Genomes are frequently in conflict with selfish DNAs – genetic elements that can spread in genomes and populations without offering any benefit, and many times even causing harm, to their hosts. Our lab integrates genomic, cytological and molecular approaches to study selfish DNA and its impact on genome evolution. Our primary interest is in satellite DNA (repetitive DNA typically found at centromeres and telomeres) and meiotic drive. Lab projects focus on three related areas:


I. The functional and evolutionary genomics of satellite DNA

Drosophila melanogaster mitotic chromosomes labeled with a 1.688 family satellite probe.

Satellite DNAs are tandem repeats typically found at centromeres and telomeres. We use genomic, cytological and molecular approaches to study the functional genomics of satellite DNAs and their dynamic evolution across taxa.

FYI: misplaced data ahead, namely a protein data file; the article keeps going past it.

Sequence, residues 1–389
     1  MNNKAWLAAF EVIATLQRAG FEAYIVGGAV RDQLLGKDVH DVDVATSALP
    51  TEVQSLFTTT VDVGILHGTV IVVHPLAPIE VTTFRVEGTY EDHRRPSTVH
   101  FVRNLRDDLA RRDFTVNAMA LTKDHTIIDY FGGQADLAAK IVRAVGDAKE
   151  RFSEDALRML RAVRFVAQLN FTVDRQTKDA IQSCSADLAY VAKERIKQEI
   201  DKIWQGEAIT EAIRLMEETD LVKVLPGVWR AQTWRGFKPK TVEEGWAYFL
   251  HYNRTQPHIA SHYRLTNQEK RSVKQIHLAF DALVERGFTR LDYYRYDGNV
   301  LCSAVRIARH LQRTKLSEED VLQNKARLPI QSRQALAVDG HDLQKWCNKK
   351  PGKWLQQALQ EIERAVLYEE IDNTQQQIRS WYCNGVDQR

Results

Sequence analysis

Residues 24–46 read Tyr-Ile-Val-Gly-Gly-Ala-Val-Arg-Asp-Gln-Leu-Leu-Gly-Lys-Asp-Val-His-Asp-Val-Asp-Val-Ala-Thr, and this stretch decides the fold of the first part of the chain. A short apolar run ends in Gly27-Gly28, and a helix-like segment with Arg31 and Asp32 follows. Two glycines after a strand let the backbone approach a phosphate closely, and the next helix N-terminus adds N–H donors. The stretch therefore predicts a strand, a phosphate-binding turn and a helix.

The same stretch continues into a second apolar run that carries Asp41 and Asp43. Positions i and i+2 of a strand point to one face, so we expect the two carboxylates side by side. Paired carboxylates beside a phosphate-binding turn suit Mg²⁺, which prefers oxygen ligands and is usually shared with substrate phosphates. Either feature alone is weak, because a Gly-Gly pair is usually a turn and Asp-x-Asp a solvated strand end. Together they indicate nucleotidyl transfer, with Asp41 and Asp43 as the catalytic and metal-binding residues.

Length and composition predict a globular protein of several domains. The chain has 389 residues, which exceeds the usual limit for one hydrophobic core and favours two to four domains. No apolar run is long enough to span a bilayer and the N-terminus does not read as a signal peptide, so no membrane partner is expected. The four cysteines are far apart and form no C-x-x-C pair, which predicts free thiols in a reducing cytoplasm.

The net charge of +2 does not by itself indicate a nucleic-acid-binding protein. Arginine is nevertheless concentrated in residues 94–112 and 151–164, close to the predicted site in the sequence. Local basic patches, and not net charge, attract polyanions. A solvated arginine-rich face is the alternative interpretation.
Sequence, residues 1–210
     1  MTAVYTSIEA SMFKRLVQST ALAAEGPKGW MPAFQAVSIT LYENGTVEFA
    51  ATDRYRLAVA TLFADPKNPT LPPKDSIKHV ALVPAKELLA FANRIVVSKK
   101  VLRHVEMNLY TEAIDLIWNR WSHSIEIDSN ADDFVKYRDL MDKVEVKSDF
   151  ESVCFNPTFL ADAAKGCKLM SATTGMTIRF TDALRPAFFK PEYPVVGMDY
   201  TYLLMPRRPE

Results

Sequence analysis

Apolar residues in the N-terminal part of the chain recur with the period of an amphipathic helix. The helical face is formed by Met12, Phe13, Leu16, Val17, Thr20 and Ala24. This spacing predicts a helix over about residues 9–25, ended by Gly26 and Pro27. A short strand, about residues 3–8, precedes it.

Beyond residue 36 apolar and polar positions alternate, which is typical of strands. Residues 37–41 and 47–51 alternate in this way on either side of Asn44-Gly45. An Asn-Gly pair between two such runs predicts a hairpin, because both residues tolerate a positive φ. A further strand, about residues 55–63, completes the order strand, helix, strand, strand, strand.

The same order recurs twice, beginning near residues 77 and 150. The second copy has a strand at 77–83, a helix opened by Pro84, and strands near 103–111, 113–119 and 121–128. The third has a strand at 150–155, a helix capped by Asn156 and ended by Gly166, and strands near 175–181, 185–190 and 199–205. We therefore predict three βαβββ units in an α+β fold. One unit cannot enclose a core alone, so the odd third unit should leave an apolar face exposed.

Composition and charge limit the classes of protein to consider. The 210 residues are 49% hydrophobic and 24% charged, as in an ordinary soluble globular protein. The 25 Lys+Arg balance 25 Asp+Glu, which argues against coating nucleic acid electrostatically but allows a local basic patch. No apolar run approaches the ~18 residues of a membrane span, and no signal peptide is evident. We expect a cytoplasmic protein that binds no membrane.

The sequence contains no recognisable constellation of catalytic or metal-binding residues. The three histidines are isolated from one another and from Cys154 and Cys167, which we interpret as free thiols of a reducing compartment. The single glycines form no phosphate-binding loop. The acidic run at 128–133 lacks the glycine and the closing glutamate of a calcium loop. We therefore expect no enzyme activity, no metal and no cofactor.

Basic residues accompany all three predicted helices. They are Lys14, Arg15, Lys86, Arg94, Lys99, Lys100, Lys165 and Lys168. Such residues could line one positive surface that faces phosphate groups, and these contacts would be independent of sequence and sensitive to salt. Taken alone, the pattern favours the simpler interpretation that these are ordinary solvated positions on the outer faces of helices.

II. Molecular mechanisms of meiotic drive

A cyst of individualizing sperm in Drosophila affinis sex ratio males.

Meiotic drivers are selfish genetic elements that gain a transmission advantage through the germline. We use genetic, genomic and cytological approaches to determine the molecular mechanism of different drive systems. Our primary focus is on the selfish Segregation Distorter complex of D. melanogaster.



III. Y chromosome evolution

Drosophila guanche mitotic chromosomes: sex chromosomes are labeled with an rDNA probe.

Drosophila Y chromosomes are dense in repetitive sequences and carry few protein-coding genes, but in most species are important for male fertility.  We are interested in the evolution of Y chromosomes across Drosophila species.



Photinus pyralis